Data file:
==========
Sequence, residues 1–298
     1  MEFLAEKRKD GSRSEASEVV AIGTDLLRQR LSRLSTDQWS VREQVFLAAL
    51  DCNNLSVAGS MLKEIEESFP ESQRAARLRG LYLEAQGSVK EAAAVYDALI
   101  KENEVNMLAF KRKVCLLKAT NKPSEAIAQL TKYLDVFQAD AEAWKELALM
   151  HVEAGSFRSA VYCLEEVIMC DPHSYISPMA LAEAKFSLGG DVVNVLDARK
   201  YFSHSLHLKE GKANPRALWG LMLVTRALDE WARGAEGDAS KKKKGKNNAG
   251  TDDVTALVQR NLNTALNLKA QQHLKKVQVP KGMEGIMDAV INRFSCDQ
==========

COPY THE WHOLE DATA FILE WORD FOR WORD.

Sequence, residues 1–298
     1  MEFLAEKRKD GSRSEASEVV AIGTDLLRQR LSRLSTDQWS VREQVFLAAL
    51  DCNNLSVAGS MLKEIEESFP ESQRAARLRG LYLEAQGSVK EAAAVYDALI
   101  KENEVNMLAF KRKVCLLKAT NKPSEAIAQL TKYLDVFQAD AEAWKELALM
   151  HVEAGSFRSA VYCLEEVIMC DPHSYISPMA LAEAKFSLGG DVVNVLDARK
   201  YFSHSLHLKE GKANPRALWG LMLVTRALDE WARGAEGDAS KKKKGKNNAG
   251  TDDVTALVQR NLNTALNLKA QQHLKKVQVP KGMEGIMDAV INRFSCDQ